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Reviewed by:
  • Voice Carried My Family
  • Selina Tusitala Marsh
Voice Carried My Family, by Robert Sullivan. Auckland: Auckland University Press, 2005. isbn 1-86940-337-1; 66 pages, notes. Paper, NZ$21.99.

The iridescent mother-of-pearl cover of Robert Sullivan's fifth poetry collection, Voice Carried My Family, mirrors its ephemeral motifs of movement, [End Page 466] shadow, voice, ocean, and fire. There is also the reappearance of the waka (a seafaring vehicle) as a leitmotif, a conceptual vehicle carrying not only genealogy but also Mäori concepts of nature, time, space, and place. Here, it symbolizes the resurrection of Mäori: their journeys, destinations, dreams, and achievements.

Divided into four parts, each conveying a movement, this new book by Sullivan, whose anthologized poems are often densely allusive, eases the reader in with simple five-lined textual islands floating in a sea of space, joined by a longer third poem, "Waka." Physical movements are conveyed by bodies of water and chant; philosophical movements are delved into with discussion of love and politics—where "impossible / leaps over the possible" (4); and eternal movements toward death and renewal are visited through feelings navigated with elemental images of fire, water, air, and energy.

We then head into larger seas and movements on a grander, more official, historical scale. But, as Sullivan shows, such territories are as intimate and as fickle as the emotional terrain previously traversed. "London Waka" remaps historical journeys as he reinvents mythologies, re-auditioning and recasting historical scenes. He incorporates a Wendtian (as in Albert Wendt) subversion where, in true flying-fox form, the world is viewed upside down, and back to front, as Mäori colonize England, moving from plundering terrorism to paternalistic political correctness. Amid the constant renegotiation of histories with imaginative reconstructions of intimate conversations, yearnings, and misgivings of canonical colonial figures, Captain Cook, Joseph Banks, and Mäori navigators Tupaia, Te Weheru, and Mai, Sullivan's ironic and sardonic humor is always reflected both in content and poetic context. His use of long couplets is a visual partnership teasing that alliance officially endorsed by the Treaty of Waitangi, but yet to be fully realized save for the politically correct tidbits of "limited self-government" and patronizing language restoration projects.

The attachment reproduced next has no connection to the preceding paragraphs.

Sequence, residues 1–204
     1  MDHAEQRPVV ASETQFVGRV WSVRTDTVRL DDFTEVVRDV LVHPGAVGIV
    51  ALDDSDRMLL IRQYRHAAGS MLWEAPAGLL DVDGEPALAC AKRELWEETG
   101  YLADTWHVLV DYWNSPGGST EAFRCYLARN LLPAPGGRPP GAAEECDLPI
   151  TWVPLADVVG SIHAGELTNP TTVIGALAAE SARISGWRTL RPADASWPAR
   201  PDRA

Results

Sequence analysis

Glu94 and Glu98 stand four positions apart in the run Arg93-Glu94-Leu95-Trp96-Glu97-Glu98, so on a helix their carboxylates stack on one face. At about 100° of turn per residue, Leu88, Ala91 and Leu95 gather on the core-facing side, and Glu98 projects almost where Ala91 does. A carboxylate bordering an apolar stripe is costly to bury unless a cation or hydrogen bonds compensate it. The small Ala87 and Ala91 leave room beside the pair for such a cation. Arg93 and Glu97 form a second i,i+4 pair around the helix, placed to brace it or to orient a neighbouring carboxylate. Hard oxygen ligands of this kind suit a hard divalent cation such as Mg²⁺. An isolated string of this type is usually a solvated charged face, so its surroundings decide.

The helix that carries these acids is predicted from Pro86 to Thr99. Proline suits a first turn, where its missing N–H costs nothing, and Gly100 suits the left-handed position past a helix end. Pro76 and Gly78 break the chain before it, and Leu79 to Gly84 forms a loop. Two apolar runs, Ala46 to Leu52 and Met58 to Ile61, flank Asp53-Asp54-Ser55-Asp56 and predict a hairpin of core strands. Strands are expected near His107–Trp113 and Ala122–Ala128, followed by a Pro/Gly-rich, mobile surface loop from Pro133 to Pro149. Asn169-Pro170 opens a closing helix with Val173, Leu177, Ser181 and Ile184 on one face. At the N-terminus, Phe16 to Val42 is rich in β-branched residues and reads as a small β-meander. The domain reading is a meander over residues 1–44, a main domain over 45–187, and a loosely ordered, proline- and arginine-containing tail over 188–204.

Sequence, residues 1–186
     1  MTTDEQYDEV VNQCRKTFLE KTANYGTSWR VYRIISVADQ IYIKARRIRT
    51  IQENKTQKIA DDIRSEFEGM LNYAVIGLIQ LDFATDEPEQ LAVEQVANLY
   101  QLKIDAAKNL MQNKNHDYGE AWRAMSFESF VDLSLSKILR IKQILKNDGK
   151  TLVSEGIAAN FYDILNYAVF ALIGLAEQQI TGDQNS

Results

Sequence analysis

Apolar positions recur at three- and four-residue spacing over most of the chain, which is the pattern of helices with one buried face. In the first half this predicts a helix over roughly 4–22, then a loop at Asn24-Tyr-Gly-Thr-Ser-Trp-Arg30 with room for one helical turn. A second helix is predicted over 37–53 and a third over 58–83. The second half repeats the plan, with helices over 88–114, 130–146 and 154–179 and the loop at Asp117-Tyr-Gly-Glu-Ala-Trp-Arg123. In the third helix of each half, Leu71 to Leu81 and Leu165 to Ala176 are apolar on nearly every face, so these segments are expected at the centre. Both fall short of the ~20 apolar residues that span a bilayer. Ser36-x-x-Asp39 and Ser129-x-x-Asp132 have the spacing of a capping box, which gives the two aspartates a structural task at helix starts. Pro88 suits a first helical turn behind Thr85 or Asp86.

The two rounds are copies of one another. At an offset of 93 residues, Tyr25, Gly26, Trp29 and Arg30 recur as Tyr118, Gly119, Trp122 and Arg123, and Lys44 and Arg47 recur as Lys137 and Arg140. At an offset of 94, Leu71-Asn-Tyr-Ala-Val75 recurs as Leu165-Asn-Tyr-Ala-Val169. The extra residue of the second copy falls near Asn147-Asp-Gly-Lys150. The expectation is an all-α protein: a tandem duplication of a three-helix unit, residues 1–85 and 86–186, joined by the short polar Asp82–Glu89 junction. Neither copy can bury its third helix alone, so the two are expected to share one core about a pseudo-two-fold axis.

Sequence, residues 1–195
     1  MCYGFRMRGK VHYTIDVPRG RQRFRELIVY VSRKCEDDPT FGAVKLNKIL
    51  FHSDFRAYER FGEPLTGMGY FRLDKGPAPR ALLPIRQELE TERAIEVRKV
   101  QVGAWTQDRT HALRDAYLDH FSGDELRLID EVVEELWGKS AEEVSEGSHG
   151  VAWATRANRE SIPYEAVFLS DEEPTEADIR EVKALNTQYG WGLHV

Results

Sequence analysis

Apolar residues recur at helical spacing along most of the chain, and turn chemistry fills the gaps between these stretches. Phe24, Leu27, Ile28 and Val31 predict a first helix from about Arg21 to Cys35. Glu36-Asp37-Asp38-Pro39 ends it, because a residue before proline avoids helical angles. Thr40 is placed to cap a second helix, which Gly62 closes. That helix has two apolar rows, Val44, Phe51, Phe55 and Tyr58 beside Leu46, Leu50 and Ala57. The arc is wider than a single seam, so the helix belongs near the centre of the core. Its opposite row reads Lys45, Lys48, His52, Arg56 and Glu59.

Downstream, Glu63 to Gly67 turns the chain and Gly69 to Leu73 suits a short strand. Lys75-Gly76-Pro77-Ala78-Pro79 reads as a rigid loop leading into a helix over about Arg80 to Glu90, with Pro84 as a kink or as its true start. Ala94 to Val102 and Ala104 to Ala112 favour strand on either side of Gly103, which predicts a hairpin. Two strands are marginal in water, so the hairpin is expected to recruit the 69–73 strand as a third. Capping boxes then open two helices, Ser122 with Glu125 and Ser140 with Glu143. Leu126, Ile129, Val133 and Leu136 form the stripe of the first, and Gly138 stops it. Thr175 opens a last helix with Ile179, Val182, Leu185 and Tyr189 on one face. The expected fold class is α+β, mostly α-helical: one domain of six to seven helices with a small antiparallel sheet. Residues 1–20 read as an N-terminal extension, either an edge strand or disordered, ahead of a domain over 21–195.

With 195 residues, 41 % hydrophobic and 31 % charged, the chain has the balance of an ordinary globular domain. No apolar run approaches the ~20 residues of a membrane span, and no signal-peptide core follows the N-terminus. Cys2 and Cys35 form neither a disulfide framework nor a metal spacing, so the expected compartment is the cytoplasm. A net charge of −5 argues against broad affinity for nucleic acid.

But this kind of anachronistic demythologizing also takes place in Maoridom serving to reenergize myths for a contemporary audience. In "Täne retrieves the baskets of knowledge," the persona shimmies upa vine "like a cord plugged into heaven" (8). There is energy in knowledge, a pathway upward, and areference to the climbing Mäori hero Tawhaki, in Sullivan's Pike Ake (1993). Io, supreme deity, says to Täne, "I liked your thought—maybe / your descendants will find one too and also climb it" (9). The movement is upward, onward, and into the future by ideologically adhering to that universal Polynesian adage, "We face the future with our backs."

The title poem, "Voice carried my family, their names and stories," further conveys the double-edgedness of Sullivan's poetry. There's an astute cynical knowingness underplaying purportedly straightforward images. The poem pays homage to the spoken word and Mäori orality but is embedded in irony. A deliberate omission ofte reo (Mäori language) and any specific Mäori cultural references demonstrates both the overwhelming [End Page 467] effect written English has had on Mäori oral traditions and culture, overwritten like a palimpsest and "frozen" beneath the stultifying rigidity of the English language. But the colonizer's tool is also subverted by the notion of voice appropriation and representation. It forms one of those "shadows" that keep resurfacing and on which the second section, "II For Shadows," focuses. Who has the right to speak for someone else?

In the context of these continual debates, there is turmoil as the persona wrangles with the individual poetic voice's communal responsibility and accountability, and between the "enemies of the imagination" (28). Sullivan inserts a Mäori presence in the history books as seen in the shift of perspective in "I/Eyes/Ae." In the previous poem, "8 A Resolution," the English language is described as "rude sounds" by Mäori voyager Koa, yet he will "make...


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